Menstruation. The word itself is of a bittersweet association. It is a word that by its very structure, is clearly a process. It is a word that is pronounced exactly as it is spelled, a very simple men-stru-a-tion. The word holds so much value beyond its uncomplicated definition. It is a beautiful biological and natural process beginning at pubescence, an aspect of reproduction, a defining element of womanhood. Yet, the word holds much more value and a wide range of connotations and stigmatization that is far stretched beyond its roots in anatomy.
My first time coming into contact with the word menstruation was at some point in 4th grade. As I effortless flew through Judy Blume books, which I so proudly read having been a reading level above the rest of my class, I was enamored by the idea of delving into this author’s stories. Knowing that much of the stories centered around the lives of fictional girls whom I could relate to was exciting. But little did I know that I would be exposed to a topic of great societal, sexual, and biological worth at a time when all I was focused on was properly grasping the main idea of the book I was engrossed in.
Blume introduced me indirectly to menstruation in a way that felt comforting, consoling, and confusing all at once. I was unsure how to feel about what I was reading because I was unable to understand menstruation as a personal experience by distancing myself from the fictional main character. But at the same time, something about that initial exposure was satisfying enough, a small taste into an element of my womanhood, in a form that I preferred over all others.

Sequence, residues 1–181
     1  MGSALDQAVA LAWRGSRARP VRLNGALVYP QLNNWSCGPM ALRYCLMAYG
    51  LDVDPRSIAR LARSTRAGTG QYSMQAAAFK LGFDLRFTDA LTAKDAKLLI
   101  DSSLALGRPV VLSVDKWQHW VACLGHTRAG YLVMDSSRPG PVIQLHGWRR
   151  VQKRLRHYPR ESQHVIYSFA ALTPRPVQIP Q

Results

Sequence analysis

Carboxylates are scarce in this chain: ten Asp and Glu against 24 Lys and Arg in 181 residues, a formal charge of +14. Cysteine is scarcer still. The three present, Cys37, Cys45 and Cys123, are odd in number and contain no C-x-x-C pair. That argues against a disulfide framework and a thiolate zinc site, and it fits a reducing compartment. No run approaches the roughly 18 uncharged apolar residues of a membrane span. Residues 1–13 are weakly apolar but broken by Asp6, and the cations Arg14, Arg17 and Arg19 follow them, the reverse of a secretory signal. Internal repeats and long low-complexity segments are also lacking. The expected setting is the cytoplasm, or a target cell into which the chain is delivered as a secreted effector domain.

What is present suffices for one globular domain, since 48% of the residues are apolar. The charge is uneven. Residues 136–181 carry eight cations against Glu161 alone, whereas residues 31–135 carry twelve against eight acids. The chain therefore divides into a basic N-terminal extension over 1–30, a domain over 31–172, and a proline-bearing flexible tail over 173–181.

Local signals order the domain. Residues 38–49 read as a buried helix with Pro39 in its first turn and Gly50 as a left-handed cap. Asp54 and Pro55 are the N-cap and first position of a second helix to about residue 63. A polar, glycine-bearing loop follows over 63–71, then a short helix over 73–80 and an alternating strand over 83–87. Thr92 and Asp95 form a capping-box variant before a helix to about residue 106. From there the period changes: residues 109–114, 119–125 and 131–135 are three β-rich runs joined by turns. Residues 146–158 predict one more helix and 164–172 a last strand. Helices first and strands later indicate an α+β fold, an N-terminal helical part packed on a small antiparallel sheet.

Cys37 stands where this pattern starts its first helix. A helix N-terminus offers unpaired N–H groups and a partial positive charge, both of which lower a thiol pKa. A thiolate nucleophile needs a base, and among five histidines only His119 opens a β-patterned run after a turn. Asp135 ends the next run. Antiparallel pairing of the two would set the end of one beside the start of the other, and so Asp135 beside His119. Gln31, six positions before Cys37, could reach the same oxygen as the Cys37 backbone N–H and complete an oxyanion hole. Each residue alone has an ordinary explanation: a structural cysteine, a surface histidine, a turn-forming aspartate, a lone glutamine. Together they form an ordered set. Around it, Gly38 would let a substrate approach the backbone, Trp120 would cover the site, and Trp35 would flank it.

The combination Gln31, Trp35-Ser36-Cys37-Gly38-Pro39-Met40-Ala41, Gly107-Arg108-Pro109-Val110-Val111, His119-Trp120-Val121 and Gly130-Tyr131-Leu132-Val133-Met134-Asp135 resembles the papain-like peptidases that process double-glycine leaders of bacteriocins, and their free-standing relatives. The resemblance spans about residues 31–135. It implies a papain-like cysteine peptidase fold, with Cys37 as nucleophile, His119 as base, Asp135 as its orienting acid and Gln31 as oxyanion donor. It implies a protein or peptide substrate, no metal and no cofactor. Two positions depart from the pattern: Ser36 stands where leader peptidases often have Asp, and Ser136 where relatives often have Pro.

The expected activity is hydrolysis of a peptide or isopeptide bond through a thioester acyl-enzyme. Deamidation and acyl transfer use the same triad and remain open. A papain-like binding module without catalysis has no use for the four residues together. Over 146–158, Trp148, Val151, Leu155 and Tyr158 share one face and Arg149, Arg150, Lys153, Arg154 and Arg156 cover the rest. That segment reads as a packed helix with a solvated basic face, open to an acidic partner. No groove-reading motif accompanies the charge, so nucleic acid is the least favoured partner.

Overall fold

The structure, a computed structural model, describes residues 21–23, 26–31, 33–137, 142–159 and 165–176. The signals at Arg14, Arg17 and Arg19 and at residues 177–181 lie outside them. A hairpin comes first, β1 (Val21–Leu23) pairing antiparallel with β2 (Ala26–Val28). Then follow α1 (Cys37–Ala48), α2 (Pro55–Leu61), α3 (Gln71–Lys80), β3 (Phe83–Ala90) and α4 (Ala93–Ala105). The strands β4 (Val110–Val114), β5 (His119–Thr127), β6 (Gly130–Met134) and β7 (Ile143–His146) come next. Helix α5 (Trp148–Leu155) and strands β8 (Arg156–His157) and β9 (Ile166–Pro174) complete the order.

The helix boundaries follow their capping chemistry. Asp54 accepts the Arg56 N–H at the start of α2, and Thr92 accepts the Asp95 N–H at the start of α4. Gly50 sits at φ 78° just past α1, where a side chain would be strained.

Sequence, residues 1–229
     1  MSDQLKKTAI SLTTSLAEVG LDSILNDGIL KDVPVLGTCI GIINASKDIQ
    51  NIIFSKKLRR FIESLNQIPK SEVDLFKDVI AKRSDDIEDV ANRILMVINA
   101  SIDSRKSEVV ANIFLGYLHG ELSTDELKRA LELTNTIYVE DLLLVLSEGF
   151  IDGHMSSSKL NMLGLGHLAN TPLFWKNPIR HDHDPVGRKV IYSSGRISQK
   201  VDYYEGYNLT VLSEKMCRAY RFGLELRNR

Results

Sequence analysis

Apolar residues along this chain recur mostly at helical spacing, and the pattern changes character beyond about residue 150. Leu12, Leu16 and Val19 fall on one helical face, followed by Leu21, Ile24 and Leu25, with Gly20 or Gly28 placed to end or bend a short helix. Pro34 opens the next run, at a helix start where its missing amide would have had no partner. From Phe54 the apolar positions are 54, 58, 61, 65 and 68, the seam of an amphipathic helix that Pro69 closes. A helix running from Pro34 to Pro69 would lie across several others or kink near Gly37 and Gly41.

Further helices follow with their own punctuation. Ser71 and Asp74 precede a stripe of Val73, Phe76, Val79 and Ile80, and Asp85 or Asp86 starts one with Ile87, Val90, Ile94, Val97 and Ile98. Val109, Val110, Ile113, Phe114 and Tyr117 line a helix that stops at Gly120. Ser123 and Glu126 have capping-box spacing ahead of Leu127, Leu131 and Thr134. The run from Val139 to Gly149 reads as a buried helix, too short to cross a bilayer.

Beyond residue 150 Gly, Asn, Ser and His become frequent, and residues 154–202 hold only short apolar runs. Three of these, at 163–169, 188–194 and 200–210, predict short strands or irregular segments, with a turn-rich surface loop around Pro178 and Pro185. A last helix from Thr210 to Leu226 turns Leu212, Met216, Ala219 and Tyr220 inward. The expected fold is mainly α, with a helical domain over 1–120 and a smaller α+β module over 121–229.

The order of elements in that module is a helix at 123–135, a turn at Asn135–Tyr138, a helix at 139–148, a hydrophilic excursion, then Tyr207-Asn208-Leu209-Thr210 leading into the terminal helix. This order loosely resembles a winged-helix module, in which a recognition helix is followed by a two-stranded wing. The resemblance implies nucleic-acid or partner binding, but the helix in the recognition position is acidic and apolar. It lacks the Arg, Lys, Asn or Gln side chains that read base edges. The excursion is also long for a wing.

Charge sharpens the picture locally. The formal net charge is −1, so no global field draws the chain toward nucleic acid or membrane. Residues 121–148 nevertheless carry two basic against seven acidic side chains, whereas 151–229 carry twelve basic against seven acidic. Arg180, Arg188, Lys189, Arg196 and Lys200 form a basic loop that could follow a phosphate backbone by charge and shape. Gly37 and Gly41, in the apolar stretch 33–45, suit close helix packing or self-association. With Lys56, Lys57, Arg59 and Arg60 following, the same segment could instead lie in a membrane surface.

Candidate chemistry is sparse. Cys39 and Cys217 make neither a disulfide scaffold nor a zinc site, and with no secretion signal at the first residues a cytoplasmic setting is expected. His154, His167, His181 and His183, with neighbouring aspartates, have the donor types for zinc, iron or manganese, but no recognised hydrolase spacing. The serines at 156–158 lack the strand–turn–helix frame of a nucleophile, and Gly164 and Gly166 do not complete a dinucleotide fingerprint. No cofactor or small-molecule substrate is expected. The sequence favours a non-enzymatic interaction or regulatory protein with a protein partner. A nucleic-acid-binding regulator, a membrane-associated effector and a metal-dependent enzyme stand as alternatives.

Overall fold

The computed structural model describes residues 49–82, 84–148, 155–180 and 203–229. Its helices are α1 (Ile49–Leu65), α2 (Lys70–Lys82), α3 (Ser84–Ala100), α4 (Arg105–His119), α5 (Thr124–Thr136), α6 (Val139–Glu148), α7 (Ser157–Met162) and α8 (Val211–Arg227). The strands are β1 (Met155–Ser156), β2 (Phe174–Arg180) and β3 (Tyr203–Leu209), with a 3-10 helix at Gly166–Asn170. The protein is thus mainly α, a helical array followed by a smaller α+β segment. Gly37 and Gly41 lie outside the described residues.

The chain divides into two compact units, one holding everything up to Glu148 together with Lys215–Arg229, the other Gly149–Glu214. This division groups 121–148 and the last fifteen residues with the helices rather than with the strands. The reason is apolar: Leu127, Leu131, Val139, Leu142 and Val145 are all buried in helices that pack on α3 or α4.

“Mom, there is blood on my underwear!”
My first experiences of menstruation and my acute awareness of it was not in my own body but in living at home with a sister two years older than me. I remember seeing her one day pick up her blanket and sheets and put them in the bathtub, and I knew immediately what it was from. My mother and sister were very discrete about the whole situation, being very closed off and secretive about it, unknowing that I already had acquired some sort of knowledge on the topic. It was clear that they intended to keep it hidden from me. That was the first time I realized that this period thing was not something to be immensely proud of.
When I first got my period, it was ironically a few weeks after finishing the Judy Blume book and I was not as frightened as I expected to be. I had an “aha” moment in the bathroom as I sat on the toilet seat, looking down at my underwear, and seeing it lined with a deep crimson stain. I was proud of myself! Almost felt intelligent, for knowing what was happening to my body without consulting my mother at all. But of course, the next step in this pubescent, pinnacle moment was to confide in my mother and let her know that, “Mom, there is blood on my underwear!”
My mother was shocked when I first told her, I could see it in her eyes and overall expression, but she heavily attempted to mask it. She showed me where the pads were in the house, and all of a sudden it all made sense what those green little squares were for. She proceeded to tell me how to use it and then in one very simple sentence she said, “Maa, this is called a period.”
And that was that.